Boneyard Arts Festival celebrates 20th anniversary, features Boneyard Arts Market


Photo courtesy of Norden German Design Studio

Boneyard Arts Festival celebrates their 20th anniversary and will have many venues featuring artists from the Champaign County.

By Alexis Ramirez, Staff Writer

The 20th annual Boneyard Arts Festival, presented by 40 North, will showcase the work of local visual artists at participating venues across Champaign County from April 1 to April 3. For the first time ever, NORDEN German Design Studio will host the Boneyard Arts Market in the east and southeast wings of Lincoln Square Mall on April 2 from 10 a.m. to 6 p.m.

The Boneyard Arts Festival began as a more ordinary art walk with only 13 venues. This year, it will feature more than 70 venues. But not all of the venues are gallery or museum spaces. Businesses from all industries — libraries, restaurants, bars and breweries, boutiques and stores — are invited to host artists, said executive director of 40 North | 88 West Kelly White.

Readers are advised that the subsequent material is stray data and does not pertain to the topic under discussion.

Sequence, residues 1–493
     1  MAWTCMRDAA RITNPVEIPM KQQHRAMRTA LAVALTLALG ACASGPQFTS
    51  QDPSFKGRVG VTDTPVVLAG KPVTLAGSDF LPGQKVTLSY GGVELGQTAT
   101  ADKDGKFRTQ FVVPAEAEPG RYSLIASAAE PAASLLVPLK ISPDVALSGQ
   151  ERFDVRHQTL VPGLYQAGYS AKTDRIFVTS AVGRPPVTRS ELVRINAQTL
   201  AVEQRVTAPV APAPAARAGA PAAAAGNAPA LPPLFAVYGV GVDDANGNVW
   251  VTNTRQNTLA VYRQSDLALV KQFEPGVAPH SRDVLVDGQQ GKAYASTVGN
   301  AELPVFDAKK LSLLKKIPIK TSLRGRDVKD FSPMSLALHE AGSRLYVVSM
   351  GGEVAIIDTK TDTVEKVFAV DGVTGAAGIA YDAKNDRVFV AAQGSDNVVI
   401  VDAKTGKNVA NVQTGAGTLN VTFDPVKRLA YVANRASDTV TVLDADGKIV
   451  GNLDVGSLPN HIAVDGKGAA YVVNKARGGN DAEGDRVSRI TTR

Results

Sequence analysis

Although a majority of the participating venues are concentrated in C-U, there are five “Out and About” venues in Fisher, Mahomet, Tolono and White Heath this year.

Prior to the COVID-19 pandemic, the arts festival had grown to featuring over 100 venues, White said.

Planning had already been underway for the 18th annual festival when Gov. J.B. Pritzker announced the stay-at-home order in March 2020. 40 North initially planned to postpone the event traditionally held to coincide with Moms Weekend, White said.